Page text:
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USA TODAY
George Schroeder, @GeorgeSchroeder, USA TODAY Sports
 

As the NCAA holds its annual convention this week, its members are moving toward significant change that would give more power to the wealthiest, highest-profile schools but would keep the organization intact.

Schools in the Atlantic Coast, Big Ten, Big 12, Pac-12 and Southeastern conferences -- which financially and in tradition form the upper tier of the Football Bowl Subdivision -- are set to gain more autonomy to provide more benefits to athletes, including a stipend, and to use their resources as they see fit. The net effect would be to formalize the gap between the NCAA's haves and have-nots and to eliminate the "level playing field" as an ideal.

A 14-page proposal with a broad outline for change at the Division I level is to be debated this week. Nothing is expected to be finalized, but it's likely that by next fall the NCAA will operate with a new structure.

NCAA President Mark Emmert called the discussion "a little complicated and not very exciting" but added "it will lead to potentially a very significant change in the way Division I operates."

The proposal also attempts to streamline the organization. There has been a growing sense among NCAA members of a disconnect, especially as it pertained to policy-makers -- for the last few years, school presidents, along with the NCAA employees in Indianapolis -- vs. athletics directors working daily in college athletics.

Issues with the enforcement process, including the public airing of misconduct by NCAA staff in an investigation of Miami (Fla.), helped bring tensions to a simmer. There was also a perception that other initiatives, including attempts to deregulate recruiting, were enacted without sufficient input from athletics directors, other administrators and coaches with direct understanding of the issues.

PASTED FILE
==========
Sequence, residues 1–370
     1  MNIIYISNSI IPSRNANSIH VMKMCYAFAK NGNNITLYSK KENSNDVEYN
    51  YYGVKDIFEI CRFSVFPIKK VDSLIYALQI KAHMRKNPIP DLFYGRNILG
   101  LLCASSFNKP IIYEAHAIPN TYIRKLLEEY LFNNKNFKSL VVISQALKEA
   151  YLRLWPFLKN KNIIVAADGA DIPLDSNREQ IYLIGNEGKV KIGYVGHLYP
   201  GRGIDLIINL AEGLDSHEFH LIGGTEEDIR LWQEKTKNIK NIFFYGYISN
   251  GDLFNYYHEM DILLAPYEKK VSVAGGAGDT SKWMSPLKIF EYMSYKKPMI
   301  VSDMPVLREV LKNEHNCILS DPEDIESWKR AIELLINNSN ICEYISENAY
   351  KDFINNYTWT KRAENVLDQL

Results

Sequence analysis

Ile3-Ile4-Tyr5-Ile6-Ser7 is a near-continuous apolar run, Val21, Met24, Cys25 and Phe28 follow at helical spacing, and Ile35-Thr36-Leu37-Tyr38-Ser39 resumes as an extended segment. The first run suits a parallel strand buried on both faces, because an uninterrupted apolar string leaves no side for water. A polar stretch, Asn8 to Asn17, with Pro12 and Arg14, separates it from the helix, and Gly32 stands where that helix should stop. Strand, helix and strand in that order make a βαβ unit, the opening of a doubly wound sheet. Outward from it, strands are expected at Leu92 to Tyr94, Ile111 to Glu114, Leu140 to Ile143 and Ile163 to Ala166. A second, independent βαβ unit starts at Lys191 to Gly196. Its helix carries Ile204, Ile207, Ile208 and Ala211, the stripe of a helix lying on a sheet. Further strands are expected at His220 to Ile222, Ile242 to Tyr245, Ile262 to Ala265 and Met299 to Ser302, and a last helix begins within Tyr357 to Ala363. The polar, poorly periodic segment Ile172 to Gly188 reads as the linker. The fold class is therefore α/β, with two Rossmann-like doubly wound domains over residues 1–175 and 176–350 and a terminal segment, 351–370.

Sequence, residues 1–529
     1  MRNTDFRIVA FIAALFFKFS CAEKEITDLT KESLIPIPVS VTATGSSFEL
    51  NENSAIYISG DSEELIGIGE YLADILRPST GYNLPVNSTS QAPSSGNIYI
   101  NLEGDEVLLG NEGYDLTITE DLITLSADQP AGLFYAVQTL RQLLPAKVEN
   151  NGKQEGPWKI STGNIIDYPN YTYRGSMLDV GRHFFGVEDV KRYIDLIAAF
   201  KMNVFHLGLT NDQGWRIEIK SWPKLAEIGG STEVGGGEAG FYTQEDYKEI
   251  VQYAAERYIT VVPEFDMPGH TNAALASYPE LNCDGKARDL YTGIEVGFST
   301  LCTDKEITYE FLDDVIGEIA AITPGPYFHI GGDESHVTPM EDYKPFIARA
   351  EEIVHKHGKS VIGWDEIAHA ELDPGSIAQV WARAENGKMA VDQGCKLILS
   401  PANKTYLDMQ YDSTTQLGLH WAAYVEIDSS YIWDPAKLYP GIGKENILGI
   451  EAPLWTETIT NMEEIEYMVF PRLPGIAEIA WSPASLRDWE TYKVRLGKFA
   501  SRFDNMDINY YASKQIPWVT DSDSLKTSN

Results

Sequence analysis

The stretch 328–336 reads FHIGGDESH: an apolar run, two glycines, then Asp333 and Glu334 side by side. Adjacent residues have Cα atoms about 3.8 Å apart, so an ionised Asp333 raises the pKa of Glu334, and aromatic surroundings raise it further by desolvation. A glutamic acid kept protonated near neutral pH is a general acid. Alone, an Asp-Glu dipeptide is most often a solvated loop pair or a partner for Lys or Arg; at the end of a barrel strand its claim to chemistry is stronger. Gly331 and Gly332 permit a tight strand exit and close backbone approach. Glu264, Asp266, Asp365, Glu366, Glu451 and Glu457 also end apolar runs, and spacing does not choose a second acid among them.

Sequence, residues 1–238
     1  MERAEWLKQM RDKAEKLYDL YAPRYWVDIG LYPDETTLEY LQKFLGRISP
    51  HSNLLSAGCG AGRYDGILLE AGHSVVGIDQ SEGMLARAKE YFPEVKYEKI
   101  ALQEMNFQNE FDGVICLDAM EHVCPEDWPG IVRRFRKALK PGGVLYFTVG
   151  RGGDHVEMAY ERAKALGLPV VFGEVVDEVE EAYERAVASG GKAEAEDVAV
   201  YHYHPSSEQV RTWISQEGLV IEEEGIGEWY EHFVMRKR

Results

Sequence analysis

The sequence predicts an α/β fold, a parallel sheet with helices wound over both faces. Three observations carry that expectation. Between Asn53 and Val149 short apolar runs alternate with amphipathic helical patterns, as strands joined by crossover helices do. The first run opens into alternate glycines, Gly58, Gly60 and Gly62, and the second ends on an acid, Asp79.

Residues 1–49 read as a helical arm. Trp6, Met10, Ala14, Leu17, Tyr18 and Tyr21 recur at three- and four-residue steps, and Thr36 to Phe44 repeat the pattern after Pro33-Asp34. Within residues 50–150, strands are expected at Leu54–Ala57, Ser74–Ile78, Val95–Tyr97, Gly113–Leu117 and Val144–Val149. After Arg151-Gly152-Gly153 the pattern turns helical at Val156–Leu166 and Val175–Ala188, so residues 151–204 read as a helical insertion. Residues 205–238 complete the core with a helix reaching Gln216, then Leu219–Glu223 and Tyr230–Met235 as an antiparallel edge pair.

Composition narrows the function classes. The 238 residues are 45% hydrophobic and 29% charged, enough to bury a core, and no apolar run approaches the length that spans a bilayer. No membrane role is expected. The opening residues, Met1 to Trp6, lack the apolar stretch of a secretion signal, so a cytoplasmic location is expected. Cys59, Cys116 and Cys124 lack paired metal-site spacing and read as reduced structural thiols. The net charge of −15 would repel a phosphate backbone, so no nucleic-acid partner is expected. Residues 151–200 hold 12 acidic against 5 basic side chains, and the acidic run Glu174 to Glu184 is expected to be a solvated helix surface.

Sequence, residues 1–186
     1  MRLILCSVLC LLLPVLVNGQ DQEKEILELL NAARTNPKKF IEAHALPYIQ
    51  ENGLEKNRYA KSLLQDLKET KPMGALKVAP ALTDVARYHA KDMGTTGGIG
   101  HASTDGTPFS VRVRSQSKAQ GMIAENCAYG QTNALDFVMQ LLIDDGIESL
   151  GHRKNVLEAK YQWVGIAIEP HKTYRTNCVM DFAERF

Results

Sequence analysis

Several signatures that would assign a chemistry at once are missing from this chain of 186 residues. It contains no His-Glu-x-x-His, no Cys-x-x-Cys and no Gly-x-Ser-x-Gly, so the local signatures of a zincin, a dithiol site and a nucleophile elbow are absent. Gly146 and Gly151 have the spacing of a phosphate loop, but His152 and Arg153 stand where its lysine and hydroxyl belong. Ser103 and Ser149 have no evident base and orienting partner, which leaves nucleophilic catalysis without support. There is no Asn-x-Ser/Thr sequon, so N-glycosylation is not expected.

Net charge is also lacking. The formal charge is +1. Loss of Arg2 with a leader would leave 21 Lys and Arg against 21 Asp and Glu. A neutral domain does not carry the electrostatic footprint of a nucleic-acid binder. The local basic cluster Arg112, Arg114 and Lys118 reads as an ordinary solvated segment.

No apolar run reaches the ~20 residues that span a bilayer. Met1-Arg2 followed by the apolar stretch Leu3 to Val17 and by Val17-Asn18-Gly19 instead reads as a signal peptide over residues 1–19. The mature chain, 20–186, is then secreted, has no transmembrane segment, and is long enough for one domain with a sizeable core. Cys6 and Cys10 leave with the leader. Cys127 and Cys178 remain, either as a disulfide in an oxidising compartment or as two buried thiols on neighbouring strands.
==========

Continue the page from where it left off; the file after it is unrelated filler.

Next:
On a separate but parallel track, schools in the power conferences chafed at constraints placed upon them by schools with fewer resources. In recent years, proposals such as stipends (or enhanced scholarships designed to cover the full cost of attendance), favored by the 65 schools in the five wealthiest conferences, were voted down by the larger Division I membership of more than 350 schools.

Last summer, commissioners of the five power conferences went public with varying degrees of dissatisfaction. The coordinated message was that change was imperative -- along with the suggestion that if they didn't get their way, a separate subdivision (known in the discussion as Division 4) or even a breakaway from the NCAA might be necessary.

If not formal, the gap between the haves and have-nots is already very real. Analysis by USA TODAY Sports, as one example, shows the average SEC public school's operational expenses in 2011-12 were $88.5 million, according to the most recently available information reported by the schools to the NCAA. The average Mountain West school spent $41.3million. The financial divide between the top five leagues in FBS and the other five leagues (Mountain West, American Athletic, Conference USA, Mid-American and Sun Belt) is expected to grow dramatically with the SEC's new TV money and the advent of the College Football Playoff, which begins after the 2014 season.